RAW vs JPEG

One of the questions that always comes up when I am teaching is “Do I use JPEG or RAW for shooting images in”? There is sooooo much information out there and most of it is either slightly off or very misleading.

Here is a quick rundown of the differences, If you have any additional questions feel free to ask!

So to start what is the difference between JPEG & RAW?

There are two big differences between shooting JPEG or RAW images, the first is that when you shoot your image and save it in JPEG it slightly compresses the image and you loose some of the data.  Is it a lot?  NO!  If you are only doing prints up to say 24×36 today’s cameras are so high in MP (megapixels) that it is not needed to shoot RAW for this reason unless you are going very large or you are really cropping the image.  I have many pictures on the wall at the Lethbridge studio that I can show you that were shot in JPEG and they look amazing.  The second difference (the biggest one that effects pictures today) is that when you shoot JPEG the camera applies an algorithm to the image before saving (contrast, saturation, white balance, sharpness, etc), where as with RAW it does not do this.  If you are not able to get your image correctly exposed or properly in focus shooting in RAW may help you save that image when processed on your computer. If the image is saved in JPEG you are able to correct the image but not as much as if it was saved in RAW. The biggest drawback is that with RAW you need to correct your images to make them look their best and this can be a lot of work if you have a lot of images to correct. One final difference between JPEG or RAW is that RAW takes up a lot more space when stored, but with today’s relatively inexpensive high capacity storage mediums this should not be a huge issue.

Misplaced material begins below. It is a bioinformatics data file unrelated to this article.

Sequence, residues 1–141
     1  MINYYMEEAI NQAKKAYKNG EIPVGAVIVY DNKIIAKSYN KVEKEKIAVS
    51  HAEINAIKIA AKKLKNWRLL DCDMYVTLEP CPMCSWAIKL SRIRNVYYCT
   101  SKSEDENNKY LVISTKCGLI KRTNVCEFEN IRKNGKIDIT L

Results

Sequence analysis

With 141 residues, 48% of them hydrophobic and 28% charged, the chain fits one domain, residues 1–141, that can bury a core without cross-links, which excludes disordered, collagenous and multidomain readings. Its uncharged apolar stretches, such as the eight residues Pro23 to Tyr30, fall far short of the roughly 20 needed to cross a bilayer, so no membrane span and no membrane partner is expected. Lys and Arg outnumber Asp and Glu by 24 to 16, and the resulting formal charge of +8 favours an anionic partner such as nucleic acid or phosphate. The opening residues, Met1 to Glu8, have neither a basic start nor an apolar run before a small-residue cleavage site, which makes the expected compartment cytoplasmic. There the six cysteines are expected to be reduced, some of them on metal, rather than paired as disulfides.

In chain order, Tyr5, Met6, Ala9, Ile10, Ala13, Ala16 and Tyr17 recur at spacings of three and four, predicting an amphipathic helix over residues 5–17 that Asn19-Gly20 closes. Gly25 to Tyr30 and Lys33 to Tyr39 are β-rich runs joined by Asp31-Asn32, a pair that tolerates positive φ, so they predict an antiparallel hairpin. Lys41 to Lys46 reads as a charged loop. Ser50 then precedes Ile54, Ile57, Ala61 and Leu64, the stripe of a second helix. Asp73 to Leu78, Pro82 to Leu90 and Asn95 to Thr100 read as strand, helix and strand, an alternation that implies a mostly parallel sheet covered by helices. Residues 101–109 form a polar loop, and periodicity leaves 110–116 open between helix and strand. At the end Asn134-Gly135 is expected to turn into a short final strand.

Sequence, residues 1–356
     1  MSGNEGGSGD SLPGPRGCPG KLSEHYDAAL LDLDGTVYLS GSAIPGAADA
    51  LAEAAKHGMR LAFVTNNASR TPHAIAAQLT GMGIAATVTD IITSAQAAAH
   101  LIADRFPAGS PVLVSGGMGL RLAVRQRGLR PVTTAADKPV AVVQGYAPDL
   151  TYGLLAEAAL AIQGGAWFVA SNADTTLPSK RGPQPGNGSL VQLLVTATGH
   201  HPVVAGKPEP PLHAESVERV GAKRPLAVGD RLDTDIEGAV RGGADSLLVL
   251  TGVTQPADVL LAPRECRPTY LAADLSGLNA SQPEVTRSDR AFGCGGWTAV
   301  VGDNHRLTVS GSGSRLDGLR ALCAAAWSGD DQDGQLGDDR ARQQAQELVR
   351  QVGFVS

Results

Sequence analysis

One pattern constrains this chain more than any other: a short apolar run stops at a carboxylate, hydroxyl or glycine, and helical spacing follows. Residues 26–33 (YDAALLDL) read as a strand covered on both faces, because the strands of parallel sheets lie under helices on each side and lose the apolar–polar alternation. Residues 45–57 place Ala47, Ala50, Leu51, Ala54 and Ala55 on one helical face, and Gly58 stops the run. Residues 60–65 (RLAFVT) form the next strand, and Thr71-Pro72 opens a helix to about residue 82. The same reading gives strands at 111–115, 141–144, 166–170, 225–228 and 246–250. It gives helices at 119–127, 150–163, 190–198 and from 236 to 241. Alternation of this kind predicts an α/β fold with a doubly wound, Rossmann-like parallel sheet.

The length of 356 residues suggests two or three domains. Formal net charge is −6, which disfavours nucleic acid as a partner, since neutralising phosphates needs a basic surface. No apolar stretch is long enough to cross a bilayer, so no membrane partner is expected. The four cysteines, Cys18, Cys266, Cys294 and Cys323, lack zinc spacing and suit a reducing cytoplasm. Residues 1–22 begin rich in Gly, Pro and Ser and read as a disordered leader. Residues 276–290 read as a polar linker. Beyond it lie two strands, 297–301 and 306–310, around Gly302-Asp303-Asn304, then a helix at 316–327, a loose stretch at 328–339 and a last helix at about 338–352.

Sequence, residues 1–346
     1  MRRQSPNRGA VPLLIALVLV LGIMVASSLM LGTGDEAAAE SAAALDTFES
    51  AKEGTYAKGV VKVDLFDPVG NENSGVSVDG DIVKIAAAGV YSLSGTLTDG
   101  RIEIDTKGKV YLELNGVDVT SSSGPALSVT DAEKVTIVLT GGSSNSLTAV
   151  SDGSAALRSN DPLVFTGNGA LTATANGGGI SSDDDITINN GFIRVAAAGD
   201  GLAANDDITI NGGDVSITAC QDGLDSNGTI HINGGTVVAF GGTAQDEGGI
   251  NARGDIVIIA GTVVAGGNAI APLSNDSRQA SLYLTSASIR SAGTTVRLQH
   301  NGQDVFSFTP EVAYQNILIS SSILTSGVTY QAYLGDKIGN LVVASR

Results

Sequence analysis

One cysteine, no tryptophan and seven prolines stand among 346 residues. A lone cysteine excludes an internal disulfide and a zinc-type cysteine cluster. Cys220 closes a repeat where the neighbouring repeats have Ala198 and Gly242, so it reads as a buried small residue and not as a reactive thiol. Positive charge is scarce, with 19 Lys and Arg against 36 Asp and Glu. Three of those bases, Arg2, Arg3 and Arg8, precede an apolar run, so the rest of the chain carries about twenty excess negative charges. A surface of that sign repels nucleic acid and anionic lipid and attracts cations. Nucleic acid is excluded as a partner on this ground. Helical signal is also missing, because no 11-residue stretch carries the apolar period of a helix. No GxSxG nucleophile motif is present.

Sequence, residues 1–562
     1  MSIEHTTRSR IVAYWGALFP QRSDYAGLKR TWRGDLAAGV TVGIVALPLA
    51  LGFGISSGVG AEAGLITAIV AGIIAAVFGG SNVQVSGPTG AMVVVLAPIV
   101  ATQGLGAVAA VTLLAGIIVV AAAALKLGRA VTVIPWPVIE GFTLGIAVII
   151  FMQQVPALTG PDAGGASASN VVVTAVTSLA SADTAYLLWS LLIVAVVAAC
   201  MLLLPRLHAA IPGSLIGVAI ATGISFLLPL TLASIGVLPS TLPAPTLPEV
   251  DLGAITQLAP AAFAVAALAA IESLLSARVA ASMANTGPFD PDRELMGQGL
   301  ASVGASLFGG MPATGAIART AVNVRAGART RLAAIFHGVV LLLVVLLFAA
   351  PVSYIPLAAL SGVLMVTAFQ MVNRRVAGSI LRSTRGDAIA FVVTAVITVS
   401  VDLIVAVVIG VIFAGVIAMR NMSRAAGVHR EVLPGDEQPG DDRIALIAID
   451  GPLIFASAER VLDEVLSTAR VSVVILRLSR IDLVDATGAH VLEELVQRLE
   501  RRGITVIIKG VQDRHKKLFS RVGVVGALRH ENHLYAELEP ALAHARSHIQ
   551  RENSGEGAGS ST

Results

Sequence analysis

One great thing about today’s cameras is that you can select either JPEG or RAW or RAW & JPEG, so you can cover all your basis if you need to when shooting to allow you to select later which image to use. The only problem with shooting in JPEG & RAW is that it will use up a lot of storage space so make sure you have big enough cards or multiple cards with you.

So with the above information what should you be shooting in JPEG or RAW?

If you are shooting everyday family images and don’t want to spend a lot of time processing your images then stay with JPEG, will save you storage space and processing time, yes some images may be beyond saving but you will save time.

If you have a chance to take a once in a lifetime picture then I suggest that you either shoot it in JPEG & RAW or just RAW, sure you will need to edit it more but if there is no chance to reshoot it may be worth it.

**Remember that you can change the format you are shooting in from picture to picture if you want so you do not have to shoot in only one setting.

Crocus #2 2017
Crocus #2 2017

 

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Updated 2017

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